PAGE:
The primary motivation for looking at the possibility of installing a Quality Management System to BS 5750, related to the need of the college to stimulate a sense of collegiality between the two pre-existing colleges of which it now comprised. What could draw the diversity of staff in a wide range of programme areas located on six campuses into a common sense of purpose and direction? Although we were not unaware of the potential marketing applications of achieving BS 5750 certification, this was not a primary motivation and was certainly never seen as an end in itself. There were, however, external influences, if not pressures, on the college to demonstrate to the outside world that its claims to quality are well founded. In 1933 a director of Shell wrote, ‘It is not enough that we should know that our motor-oils are first rate, but the public should be convinced of it’ (Kessler 1933). In December 1986, Lord Young had gone on record as saying, ‘FE must realize that it needs to respond to a changing market. If the providers of quality training do not come out of FE they will come from the private sector. As long as quality training is provided-I do not care who provides it’ (TES). Increasingly ‘effectiveness’ which had for so long stood beside ‘efficiency’, was being replaced by the word ‘quality’.1 The government White Paper ‘Education and Training for the Twenty-first Century’ went even further and spoke not merely of quality but of quality systems:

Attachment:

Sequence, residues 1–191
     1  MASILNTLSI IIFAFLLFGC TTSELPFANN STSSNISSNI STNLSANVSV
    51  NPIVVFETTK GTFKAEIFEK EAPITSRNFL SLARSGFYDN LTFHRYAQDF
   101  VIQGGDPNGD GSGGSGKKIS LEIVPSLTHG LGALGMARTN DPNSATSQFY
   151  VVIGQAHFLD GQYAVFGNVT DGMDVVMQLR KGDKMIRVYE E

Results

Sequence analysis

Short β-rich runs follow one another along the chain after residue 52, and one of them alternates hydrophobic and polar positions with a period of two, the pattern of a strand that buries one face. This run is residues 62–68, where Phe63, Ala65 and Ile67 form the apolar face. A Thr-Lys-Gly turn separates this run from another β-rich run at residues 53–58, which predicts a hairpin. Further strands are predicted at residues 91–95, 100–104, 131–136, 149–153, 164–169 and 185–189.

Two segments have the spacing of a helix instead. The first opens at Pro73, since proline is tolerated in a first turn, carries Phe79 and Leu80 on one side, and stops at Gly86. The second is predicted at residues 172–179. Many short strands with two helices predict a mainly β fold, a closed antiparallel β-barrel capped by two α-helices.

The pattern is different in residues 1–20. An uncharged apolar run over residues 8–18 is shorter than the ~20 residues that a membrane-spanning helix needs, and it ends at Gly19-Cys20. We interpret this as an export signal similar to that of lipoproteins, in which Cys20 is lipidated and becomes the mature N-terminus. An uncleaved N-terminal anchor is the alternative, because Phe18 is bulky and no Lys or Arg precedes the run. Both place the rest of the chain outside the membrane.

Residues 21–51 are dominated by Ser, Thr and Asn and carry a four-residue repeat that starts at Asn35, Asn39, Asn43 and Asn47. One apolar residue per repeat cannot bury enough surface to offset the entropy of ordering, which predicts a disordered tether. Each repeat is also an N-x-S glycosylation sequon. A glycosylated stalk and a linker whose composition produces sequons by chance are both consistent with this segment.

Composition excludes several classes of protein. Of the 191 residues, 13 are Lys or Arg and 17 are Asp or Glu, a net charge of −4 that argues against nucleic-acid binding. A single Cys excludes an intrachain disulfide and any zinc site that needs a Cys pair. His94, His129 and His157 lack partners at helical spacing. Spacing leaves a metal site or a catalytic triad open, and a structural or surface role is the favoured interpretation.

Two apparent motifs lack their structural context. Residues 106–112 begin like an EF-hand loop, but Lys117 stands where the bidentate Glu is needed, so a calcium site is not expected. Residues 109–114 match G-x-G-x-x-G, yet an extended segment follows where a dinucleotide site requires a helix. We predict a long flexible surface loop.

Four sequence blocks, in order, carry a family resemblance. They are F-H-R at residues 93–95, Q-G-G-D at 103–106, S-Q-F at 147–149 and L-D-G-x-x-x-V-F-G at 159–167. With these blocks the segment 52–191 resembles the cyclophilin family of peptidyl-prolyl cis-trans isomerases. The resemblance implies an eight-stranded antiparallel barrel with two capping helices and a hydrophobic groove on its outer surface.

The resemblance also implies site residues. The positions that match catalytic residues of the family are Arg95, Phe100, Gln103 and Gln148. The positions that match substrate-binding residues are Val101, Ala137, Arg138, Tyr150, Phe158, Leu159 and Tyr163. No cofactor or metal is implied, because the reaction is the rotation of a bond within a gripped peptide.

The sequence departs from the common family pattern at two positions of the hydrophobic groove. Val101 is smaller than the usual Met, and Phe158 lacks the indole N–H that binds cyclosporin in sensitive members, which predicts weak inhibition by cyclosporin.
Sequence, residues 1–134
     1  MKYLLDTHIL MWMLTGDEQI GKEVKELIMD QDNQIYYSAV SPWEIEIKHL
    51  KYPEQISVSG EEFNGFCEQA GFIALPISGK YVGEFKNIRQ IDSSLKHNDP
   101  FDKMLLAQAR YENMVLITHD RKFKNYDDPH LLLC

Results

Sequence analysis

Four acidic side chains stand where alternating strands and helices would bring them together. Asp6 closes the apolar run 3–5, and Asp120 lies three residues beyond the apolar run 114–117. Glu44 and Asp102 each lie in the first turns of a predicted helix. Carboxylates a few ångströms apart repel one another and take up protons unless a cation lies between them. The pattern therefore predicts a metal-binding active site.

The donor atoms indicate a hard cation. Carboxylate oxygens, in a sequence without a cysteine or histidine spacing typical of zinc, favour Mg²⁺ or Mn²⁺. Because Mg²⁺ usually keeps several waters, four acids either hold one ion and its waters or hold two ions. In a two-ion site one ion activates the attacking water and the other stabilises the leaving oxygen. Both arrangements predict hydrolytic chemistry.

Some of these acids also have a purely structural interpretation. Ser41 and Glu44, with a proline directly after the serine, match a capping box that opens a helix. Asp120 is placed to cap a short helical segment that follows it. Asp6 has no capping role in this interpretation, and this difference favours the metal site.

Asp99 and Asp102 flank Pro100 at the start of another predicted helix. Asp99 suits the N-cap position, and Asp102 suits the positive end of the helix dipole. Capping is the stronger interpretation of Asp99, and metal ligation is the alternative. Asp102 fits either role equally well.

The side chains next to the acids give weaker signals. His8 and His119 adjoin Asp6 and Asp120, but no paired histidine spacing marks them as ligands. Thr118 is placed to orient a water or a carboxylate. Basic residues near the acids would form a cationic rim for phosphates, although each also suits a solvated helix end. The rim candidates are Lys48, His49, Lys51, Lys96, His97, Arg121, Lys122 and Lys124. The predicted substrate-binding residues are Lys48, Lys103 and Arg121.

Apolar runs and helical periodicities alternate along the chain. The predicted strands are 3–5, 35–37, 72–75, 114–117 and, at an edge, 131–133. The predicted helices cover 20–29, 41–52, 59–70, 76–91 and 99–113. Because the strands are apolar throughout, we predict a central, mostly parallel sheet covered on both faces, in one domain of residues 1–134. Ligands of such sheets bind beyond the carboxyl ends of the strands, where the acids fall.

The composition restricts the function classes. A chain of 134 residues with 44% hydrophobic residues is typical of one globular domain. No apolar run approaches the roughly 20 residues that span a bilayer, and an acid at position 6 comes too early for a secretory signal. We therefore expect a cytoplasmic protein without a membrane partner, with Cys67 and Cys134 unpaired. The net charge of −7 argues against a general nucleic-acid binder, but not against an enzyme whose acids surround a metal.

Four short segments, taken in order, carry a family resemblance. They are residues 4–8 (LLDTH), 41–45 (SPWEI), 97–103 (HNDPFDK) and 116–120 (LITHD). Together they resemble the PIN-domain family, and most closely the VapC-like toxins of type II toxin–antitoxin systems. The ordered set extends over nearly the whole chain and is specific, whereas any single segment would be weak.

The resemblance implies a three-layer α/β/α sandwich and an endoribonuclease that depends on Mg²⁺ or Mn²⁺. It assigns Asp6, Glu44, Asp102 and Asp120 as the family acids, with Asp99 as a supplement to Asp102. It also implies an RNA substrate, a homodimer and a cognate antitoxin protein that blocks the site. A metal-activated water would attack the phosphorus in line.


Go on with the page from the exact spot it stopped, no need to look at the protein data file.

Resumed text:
Colleges need effective systems to improve their quality…a number of systems are being explored by colleges including BS 5750, Total Quality Management (TQM) and Strategic Quality Management (SQM). Colleges will be expected to provide information to the [Funding] Councils about the quality assurance systems they have in place.